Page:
Guest post by Manish Thakur
In terms of symbolism, the President has done a splendid job when it comes to India. His first state dinner was for the Indian Prime Minister. And now, his longest overseas trip to date is to India. So why then does India feel slighted? Simple: after the heady days of Clinton and Bush, the substance of the relationship has stalled. Early naievite by the Administration on Beijing’s good intentions left India (and much of Free Asia) feeling abandoned. More problematic is our our “alliance” with Pakistan, something that is bound to raise concerns in Delhi. Indians like to explain all the downsides of our working with Pakistan. The problem is not that we don’t already know this, but that we don’t have a choice but to placate Pakistan while our troops are still fighting a war in Afghanistan. As long as we are reliant on Pakistan, we will have to expect suspicions about our intentions in Delhi.
For its part, India is also a tough party to deal with. Its obsession with strategic autonomy makes it too difficult to fit into the usual U.S. “ally” relationship, even though that may be in its interests. Furthermore, there is still an anti-U.S. reflexiveness in part of the Indian establishment. The U.S. tore apart global rules to allow India to engage in nuclear trade with the world, and yet it looks like U.S. companies will lose out to French and Russian firms in the fierce race for nuclear trade. The same may happen in India’s choice of defense purchases, where Europe and Russia still are formidable competitors. None of this will engender warm feelings in Washington. India wants U.S. support for a permanent seat on the Security Council, but ignores the fact that it has voted with the U.S. only 30% of the time, hardly giving Washington confidence to support its bid.
Longer term, however, India’s rising economy, common democratic system of government and the general popularity of the U.S. in India will see the two countries through. Also, the threat from China and jihadi terrorism will pull them ever closer, even though quite what that means is still unclear. Even on Pakistan, the U.S. can improve joint intelligence cooperation, and put pressure on Pakistan’s Generals to act against the terror groups that they themselves created.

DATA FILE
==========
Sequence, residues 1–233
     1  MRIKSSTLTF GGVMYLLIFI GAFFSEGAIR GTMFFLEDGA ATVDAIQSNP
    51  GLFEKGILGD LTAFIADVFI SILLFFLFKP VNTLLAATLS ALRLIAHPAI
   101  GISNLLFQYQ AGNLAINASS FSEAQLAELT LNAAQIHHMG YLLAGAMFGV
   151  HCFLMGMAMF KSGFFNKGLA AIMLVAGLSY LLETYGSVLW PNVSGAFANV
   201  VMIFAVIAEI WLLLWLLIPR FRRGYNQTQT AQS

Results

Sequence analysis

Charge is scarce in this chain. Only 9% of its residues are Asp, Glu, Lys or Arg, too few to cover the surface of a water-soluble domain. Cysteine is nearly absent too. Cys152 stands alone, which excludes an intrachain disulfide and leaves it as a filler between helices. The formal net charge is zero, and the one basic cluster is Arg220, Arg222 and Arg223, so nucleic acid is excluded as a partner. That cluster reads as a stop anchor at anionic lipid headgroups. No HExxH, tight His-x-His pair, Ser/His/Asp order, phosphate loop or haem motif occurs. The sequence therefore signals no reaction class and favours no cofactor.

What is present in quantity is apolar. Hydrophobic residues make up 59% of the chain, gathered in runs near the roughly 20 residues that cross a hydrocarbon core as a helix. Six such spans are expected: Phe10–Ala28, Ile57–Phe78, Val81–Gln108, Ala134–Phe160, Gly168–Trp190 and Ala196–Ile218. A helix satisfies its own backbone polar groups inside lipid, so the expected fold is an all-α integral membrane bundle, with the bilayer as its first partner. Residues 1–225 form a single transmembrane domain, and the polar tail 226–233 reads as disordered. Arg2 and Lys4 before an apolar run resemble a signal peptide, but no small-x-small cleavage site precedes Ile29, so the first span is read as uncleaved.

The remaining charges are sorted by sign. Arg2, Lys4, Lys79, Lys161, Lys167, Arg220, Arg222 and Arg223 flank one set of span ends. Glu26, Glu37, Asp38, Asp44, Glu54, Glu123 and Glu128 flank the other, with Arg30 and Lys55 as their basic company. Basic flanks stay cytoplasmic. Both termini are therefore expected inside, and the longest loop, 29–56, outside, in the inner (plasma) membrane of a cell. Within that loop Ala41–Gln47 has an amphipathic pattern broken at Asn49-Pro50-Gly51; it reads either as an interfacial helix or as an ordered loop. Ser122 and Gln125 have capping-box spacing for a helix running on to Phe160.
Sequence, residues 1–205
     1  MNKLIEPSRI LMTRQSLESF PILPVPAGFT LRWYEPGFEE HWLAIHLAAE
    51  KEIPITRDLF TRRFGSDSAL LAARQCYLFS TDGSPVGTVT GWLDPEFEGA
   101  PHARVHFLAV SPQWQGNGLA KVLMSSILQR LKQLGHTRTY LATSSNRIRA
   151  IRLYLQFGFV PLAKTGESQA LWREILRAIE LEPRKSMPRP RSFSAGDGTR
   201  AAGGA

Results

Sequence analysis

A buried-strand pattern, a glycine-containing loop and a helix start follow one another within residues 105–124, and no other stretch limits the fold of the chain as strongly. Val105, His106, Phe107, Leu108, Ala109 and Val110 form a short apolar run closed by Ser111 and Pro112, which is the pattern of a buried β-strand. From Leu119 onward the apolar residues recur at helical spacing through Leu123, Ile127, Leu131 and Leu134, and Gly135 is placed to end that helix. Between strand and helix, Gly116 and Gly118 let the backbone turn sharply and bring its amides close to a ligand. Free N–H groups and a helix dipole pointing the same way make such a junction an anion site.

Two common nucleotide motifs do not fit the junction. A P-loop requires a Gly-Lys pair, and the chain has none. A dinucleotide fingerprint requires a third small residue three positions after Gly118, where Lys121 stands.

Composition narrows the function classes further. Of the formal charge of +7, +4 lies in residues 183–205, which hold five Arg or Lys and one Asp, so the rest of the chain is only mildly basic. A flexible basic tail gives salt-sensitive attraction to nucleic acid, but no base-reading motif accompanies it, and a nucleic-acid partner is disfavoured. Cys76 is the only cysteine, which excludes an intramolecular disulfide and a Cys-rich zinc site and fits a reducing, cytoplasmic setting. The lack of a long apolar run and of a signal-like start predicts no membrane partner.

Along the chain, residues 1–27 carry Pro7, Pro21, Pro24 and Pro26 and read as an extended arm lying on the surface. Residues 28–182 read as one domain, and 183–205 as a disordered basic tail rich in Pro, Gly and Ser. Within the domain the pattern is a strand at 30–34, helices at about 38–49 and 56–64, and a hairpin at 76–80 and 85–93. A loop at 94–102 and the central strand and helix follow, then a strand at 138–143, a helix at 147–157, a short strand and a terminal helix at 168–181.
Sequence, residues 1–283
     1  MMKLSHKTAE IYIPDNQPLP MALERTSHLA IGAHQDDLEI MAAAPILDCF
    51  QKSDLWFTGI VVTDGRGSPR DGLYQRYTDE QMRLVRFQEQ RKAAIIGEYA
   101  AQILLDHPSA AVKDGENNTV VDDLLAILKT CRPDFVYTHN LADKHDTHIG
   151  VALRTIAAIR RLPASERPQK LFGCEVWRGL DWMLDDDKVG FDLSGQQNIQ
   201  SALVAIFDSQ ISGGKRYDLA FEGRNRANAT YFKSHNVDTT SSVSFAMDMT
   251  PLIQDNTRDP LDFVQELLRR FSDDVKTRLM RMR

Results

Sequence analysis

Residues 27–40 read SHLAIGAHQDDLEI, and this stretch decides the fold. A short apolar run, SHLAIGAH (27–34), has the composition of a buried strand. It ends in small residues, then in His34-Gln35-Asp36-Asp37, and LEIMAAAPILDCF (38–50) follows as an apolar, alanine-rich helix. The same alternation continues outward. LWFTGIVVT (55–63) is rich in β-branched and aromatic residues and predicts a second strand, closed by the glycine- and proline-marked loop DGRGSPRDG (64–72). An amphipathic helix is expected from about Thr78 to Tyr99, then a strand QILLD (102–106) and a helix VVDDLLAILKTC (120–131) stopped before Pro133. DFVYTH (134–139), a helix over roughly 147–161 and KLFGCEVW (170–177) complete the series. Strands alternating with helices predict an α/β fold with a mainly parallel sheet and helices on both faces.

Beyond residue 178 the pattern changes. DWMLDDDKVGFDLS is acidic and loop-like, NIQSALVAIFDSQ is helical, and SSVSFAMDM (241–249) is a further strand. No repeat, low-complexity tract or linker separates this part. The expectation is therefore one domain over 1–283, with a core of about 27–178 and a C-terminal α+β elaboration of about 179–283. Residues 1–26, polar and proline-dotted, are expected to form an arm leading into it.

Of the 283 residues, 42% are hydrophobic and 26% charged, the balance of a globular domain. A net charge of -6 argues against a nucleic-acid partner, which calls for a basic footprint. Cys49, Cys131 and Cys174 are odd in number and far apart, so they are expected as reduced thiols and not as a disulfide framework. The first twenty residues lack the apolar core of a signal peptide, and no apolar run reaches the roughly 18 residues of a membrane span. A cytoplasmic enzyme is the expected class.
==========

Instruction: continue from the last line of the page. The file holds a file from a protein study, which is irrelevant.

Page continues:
India and the U.S. are natural partners in Asia, and the relationship certainly has the potential to become one of the defining ones of the 21st Century. I don’t know whether India will be able to join a U.S.-led Asia-Pacific NATO, something that I’ve been advocating for a while. In fact, India has begun its own security dialog with such U.S. allies as Japan and South Korea, making it a possible lynch-pin in a regional security partnership (but its absence is not a reason not to go forward). As the focus of world economic activity and military rivalry moves to the Western Pacific-Indian Ocean region, India will become increasingly central to America’s global security interests. It behooves us, therefore, to afford this relationship the importance it deserves, and not just engage in symbolism.
(This post originally appeared in www.dailyexception.com)
One thought on “India may not be a U.S. ally, but it may become the best partner we have in Asia”
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